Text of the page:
Monday, 29 December 2008

Bicycle Mechanics In Workshop And Competition, Steve Snowling (1993)

Springfield Books 1 85688 037 0 160pp £11.95

An accessible manual of cycle preparation and maintenance aimed at serious road racers and those who seek to be professional race mechanics

Snowling’s book first appeared in 1986 and has been through several editions since then (some subsequent to the issue I read). That there has been demand for so many revisions is as cheery as it is mysterious. Snowling announces that ‘I am the only full-time race mechanic from the UK and I am probably the only one there has ever been’. That might suggest a rather limited market for this tome, but, clearly, that has not been the publishers’ experience.

It is a good thing too, because this book has both a charm and a scope that goes significantly beyond the usual fare. The appeal comes from the determinedly personal nature of the text. Not only is the book illustrated by dozens of black-and-white photos of Snowling in action – with his race-day tools, adjusting a cone nut and preparing a tubular rim, but much of the detail is drawn from his own life.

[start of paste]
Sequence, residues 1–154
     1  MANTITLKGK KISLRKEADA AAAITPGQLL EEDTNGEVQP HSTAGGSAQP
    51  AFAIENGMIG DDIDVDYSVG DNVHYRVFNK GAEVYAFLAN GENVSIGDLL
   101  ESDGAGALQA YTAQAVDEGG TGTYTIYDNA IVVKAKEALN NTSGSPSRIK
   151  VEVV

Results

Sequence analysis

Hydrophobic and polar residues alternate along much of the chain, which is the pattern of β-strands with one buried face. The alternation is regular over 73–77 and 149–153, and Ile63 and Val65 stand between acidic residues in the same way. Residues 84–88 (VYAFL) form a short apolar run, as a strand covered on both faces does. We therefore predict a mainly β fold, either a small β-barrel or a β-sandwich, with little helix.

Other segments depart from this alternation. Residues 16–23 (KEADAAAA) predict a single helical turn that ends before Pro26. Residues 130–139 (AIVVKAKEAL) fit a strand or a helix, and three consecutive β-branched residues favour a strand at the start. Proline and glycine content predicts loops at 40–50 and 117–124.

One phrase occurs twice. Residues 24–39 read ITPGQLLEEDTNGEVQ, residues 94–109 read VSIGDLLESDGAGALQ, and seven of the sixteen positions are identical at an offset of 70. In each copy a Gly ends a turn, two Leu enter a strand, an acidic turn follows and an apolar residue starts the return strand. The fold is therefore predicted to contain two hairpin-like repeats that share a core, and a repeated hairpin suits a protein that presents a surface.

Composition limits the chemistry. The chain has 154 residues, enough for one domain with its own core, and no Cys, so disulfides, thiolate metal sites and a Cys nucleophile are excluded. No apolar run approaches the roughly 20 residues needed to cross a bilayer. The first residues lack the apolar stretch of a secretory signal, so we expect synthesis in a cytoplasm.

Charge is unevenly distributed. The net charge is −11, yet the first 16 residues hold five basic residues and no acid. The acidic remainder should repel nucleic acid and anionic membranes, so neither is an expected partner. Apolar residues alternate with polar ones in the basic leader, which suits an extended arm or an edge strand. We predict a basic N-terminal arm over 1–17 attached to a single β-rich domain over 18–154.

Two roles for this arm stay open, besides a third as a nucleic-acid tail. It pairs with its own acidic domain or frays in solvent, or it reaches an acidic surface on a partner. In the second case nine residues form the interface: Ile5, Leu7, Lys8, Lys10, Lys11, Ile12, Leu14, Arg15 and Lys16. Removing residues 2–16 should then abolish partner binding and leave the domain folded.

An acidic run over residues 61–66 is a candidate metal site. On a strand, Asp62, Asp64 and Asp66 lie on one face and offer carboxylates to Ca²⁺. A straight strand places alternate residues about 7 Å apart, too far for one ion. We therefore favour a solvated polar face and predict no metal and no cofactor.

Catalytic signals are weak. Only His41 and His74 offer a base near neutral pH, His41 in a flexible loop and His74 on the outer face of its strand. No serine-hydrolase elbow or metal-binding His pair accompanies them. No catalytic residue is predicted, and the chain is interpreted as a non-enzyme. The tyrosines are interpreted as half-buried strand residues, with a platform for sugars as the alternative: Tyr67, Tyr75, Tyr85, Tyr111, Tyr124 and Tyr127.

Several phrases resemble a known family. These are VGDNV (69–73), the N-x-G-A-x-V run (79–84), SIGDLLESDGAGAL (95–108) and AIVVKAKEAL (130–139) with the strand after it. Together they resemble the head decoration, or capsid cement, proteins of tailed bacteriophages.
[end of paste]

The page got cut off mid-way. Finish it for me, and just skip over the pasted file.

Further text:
After a racing career as an amateur, and a brief spell as a cycle-cross pro, Snowling found himself at Tony Doyle’s side as he conquered Europe’s velodromes. Later came appointments with several national squads and the 7-Eleven Team, among other professional outfits.

Included in the topics he deals with, that you will not find elsewhere, are such simple things as bicycle cleaning . He suggests a systematic, and very sensible system. He also advises on significantly more complex projects, such as how to check whether a frame is true, and the use of frame-truing bars in the event that it is not.

There are some oddments. He devotes a good deal of space to the lost art of fitting toe straps, before announcing near the end of the book that clipped pedals are ‘a thing of the past’. A chapter detailing his own professional story is interesting, but rather curiously placed in the book. Nonetheless, for those for those seriously interested in working on racing bikes, he has guidance to offer that I have not seen elsewhere.

PS Dec 08

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